Research Article - International Journal of Clinical Rheumatology (2018) Volume 13, Issue 6

Impact of obesity on rheumatoid arthritis: Relation with disease activity, joint damage, functional impairment and response to therapy

*Corresponding Author:
Gharbia OM
Department of Rehabilitation and Rheumatology
Faculty of Medicine, Mansoura University, Egypt
E-mail:
[email protected]

Abstract

Background and Aim of Work: The impact of Body Mass Index (BMI) on outcomes of Rheumatoid Arthritis (RA) is uncertain. This study aimed to evaluate the influence of obesity on Egyptian patients with RA.

Methods: Medical records of 146 RA patients were reviewed. Patients were categorized into normalweight, overweight and obese groups based on BMI. The clinical and laboratory indices of RA activity, the Health Assessment Questionnaire (HAQ) and the radiographic damage score were compared among the groups at baseline, 8, 16 and 24 months.

Results: DAS28 and HAQ score were matched at baseline but improved in the 3 groups thereafter, however, differences among the groups become significant only at 24-month. At the 24-month, DAS28 was significantly better in normal-weight (2.1 ± 1.0) and in overweight groups (2.2 ± 0.8) compared to obese group (2.7 ± 1.0) (normal-weight vs obese p=0.003 and overweight vs obese p= 0.006). At the 24-month, HAQ score was significantly better in normal-weight (0.78 ± 0.6) and in overweight groups (0.82 ± 0.5) compared to obese group (1.09 ± 0.7) (normal-weight vs obese p= 0.16 and overweight vs obese p= 0.041). The radiological Sharp-van der Heijde Score along the study period was lower in obese than in overweight or normal-weight patients, albeit the differences in the radiological score were insignificant among the groups.

Conclusion: Obese patients were shown to have a poorer response rate to treatment in all outcome measures in comparison to the overweight and the normal-weight RA patients. Future research work is required to investigate whether weight reduction can decrease non-remission rate among the obese RA patients.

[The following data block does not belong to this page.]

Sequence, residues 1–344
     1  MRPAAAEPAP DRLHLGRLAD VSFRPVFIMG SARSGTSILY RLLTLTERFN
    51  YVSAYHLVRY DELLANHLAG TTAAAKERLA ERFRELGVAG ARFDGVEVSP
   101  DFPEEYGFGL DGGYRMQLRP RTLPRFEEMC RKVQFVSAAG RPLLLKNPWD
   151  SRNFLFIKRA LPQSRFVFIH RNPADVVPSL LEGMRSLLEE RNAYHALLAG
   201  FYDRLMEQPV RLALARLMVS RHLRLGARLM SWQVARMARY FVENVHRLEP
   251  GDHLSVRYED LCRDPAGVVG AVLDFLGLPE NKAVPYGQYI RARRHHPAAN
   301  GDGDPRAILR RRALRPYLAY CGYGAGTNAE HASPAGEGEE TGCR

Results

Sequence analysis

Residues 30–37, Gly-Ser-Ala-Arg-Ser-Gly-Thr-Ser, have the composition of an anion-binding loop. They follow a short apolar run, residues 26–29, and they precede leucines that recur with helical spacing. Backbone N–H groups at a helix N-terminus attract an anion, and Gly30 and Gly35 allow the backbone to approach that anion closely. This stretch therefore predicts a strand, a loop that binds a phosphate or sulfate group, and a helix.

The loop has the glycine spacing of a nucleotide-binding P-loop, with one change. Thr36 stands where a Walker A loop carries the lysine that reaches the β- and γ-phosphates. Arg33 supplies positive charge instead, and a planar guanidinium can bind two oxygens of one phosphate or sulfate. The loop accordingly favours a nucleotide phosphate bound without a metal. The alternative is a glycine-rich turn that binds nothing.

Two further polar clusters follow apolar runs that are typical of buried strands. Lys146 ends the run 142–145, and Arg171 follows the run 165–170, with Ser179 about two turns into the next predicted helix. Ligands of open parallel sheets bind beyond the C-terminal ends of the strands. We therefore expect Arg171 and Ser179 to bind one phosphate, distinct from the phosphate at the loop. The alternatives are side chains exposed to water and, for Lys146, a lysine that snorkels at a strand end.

Keywords

obesity, body mass index, rheumatoid arthritis, disease activity

Abbreviations

Anti-CCP: Anti-cyclic Citrullinated Peptide Autoantibodies; BMI: Body Mass Index; CRP: C-reactive Protein; DAS: Disease Activity Score; DMARDs: Disease Modifying Anti-Rheumatic Drugs; ESR: Erythrocyte Sedimentation Rate; HAQ: Health Assessment Questionnaire; IL: interleukin; RA: Rheumatoid Arthritis; RF: Rheumatoid Factor; SJC: Swollen Joint Counts; TJC: Tender Joint Counts; TNF: Tumor Necrosis Factor; VAS-Pain: Visual Analogue Scale For Pain

Introduction

Despite the significant therapeutic advances of the medical treatment of Rheumatoid Arthritis (RA), a considerable sector of the patients show inadequate response to treatments and, therefore, are at increased risk of incident medical complications, functional disability and lowered health-related quality of life [1- 3]. Accordingly, it is worthy to recognize factors that predict the outcome of the disease.

Obesity is a prevalent co-morbidity in patients with RA. It had been reported that from 18% [4] to 31% [5] of the RA patients are obese. However, in these two studies, >60% of RA patients were overweight or obese. The impact of obesity on outcomes of RA is uncertain. It was hypothesized that higher Body Mass Index (BMI) is associated with more active and severe disease in RA, based on the inflammatory nature of the two conditions. Obesity is implicated in the activation of pro-inflammatory signaling pathways, and thus, obese patients exhibit more active and severe disease. White adipose tissue is a dynamic organ that secretes several bioactive molecules including Tumor Necrosis Factor (TNF)-α, interleukin (IL)-6, cytokines and adipokines. Most of these molecules had pro-inflammatory activities responsible for the chronic low-grade systemic inflammatory status. These pro-inflammatory molecules are increased in RA, and form a link between obesity and RA [6].

However, studies investigated the effect of obesity on RA had revealed a conflicting results. Numerous studies have observed that obese or overweight RA patients have an inadequate response to treatment with poor outcomes including lower probability to achieve RA disease remission and more functional impairment [7-10]. Some studies reported that obesity increases disease activity [11,12]. Conversely, an higher BMI was found to be associated with more favorable radiographic outcome [9,13]. Moreover, it is suggested that obesity may slowdown the radiographic progression in the early phases of RA [14,15]. This study aimed to evaluate the influence of obesity on patients with RA.

Patients and methods

Study population

In this study the medical records of RA patients in the Outpatient Clinics of the Physical Medicine, Rehabilitation and Rheumatology Department, Mansoura University Hospital were reviewed in the period from June 2015 to July 2017. All patients had fulfilled the 2010 EULAR/ACR criteria [16].

Exclusion criteria